Hana Dubová was a Jewish girl from the town of Kolín living a normal, happy life surrounded by family and friends. She was just 14 when this carefree existence was brought to an abrupt end by the Nazi occupation. Hana was put on a train to Denmark, escaping with her bare life, never to see her friends and family again and unaware of the fact that she would move alone from place to place for eleven long years before she found a new home. Her American daughter Janet and granddaughter Rachael recently visited Europe to trace Hana’s footsteps and reconnect
The Czech Republic boasts hundreds of castles, chateaux, and churches which annually attract millions of visitors. Regular maintenance is a must – a task that requires not just a considerable amount of money but an army of professionals highly skilled in the reconstruction of precious historical sites. The Czech National Heritage Institute has just launched a pilot project aimed at educating new specialists in the field.
On the eve of the Second World War, a 29-year-old British stockbroker by the name of Nicholas Winton, went to extraordinary lengths to save 669 mostly Czech Jewish children by getting them out of Nazi-occupied Bohemia and Moravia. Learning of the plight of the children and their families, Winton organised the so-called kindertransport which left from Prague’s main station, travelling through Nazi Germany to Holland and finally to Great Britain, where the children were taken in by adoptive families. They were saved from the Holocaust but many never
In our age of celebrity chefs and cookbooks for all skill levels and wallet sizes, we may sometimes forget that food was an important element of life surrounded by special rituals, beliefs and values for many a decade. In this edition of Czech Life I decided to find out what importance food had a hundred or so years ago in this region. In order to do that, I headed to the ethnographic department of the Czech National Museum, where the exhibit Krmě - jídlo – žrádlo, or Dish-Meal-Grub is currently on display.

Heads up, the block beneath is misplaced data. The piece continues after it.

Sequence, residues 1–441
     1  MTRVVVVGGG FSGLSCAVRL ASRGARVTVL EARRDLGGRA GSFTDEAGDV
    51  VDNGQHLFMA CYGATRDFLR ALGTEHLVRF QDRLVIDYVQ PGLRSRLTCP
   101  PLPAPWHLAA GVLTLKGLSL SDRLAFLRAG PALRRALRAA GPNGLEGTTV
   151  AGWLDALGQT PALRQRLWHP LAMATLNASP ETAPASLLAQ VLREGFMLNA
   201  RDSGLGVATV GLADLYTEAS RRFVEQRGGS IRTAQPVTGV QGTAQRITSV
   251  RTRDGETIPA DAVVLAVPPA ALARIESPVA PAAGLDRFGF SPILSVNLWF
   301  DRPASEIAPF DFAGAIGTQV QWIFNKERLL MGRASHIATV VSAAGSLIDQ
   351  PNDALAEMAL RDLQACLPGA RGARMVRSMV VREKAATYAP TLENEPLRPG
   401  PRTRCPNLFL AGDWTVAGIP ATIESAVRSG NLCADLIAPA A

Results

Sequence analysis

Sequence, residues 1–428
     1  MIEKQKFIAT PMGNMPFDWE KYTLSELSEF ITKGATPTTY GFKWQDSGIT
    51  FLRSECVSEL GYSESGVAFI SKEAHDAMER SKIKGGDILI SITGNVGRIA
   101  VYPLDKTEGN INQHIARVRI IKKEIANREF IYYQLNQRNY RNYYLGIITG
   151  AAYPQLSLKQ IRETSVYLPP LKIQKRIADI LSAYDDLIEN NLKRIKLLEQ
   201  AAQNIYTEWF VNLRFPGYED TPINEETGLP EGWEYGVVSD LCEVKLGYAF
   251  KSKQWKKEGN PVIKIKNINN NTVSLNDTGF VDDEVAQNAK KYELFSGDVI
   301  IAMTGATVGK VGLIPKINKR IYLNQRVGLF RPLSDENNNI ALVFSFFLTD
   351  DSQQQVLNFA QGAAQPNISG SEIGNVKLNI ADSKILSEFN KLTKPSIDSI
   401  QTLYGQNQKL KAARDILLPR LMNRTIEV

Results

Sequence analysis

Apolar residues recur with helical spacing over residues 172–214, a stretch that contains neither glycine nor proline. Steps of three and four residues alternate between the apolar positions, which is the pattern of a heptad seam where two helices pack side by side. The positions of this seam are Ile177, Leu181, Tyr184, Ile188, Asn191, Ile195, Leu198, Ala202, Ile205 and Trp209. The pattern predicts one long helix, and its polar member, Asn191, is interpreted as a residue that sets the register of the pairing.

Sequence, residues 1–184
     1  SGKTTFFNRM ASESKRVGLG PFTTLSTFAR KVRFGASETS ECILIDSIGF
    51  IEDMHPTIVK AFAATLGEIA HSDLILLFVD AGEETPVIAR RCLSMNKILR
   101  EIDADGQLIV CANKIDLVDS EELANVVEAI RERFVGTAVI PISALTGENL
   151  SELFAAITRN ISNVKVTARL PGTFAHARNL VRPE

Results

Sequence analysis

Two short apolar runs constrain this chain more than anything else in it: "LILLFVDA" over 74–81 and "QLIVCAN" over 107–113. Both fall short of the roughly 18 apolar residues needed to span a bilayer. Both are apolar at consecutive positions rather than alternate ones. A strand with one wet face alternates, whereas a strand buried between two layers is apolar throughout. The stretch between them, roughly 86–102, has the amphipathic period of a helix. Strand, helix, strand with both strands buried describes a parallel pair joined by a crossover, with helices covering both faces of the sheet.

Look at some of the small town exhibitions currently underway and you can’t miss the trend – they all show vintage objects very often made up of stuff people find in their attics. The “out with the old and in with the new” fervor with which people cleaned out their attics just a few decades ago is long gone and families now treasure old family coffee grinders, foreign label-covered suitcases that belonged to seasoned family travelers or wooden weaving looms used by great grandmothers.
Monday’s opening of the 2014 Prague Spring music festival was dedicated to one of the greats of Czech music, conductor Rafael Kubelík, who was born 100 years ago this year. The honour was certainly merited; after all, not only did Kubelík help found the festival immediately after WWII, he helmed its first ever concert – and the first opening after the fall of communism.
Monday night’s opening of the 69th edition of the Prague Spring International Music Festival will be in honour of the 100th anniversary of the birth of one of most important figures in 20th century Czech music, conductor Rafael Kubelík. In this special programme, his son Martin discusses Kubelík's remarkable life and career.
You might not expect the memoirs of a 19th century Jewish shopkeeper in a small Bohemian town to make for gripping reading, but Šimon Wels, who was born in 1853, was no ordinary shopkeeper. His account of his life and the lives of those around him draws us into a lost world. Not only is Wels a wonderful storyteller, but he also writes with a remarkable literary sophistication. The book is full of humour and local colour, but is also rich in literary references and there are numerous asides, where the author comments on the prejudices and social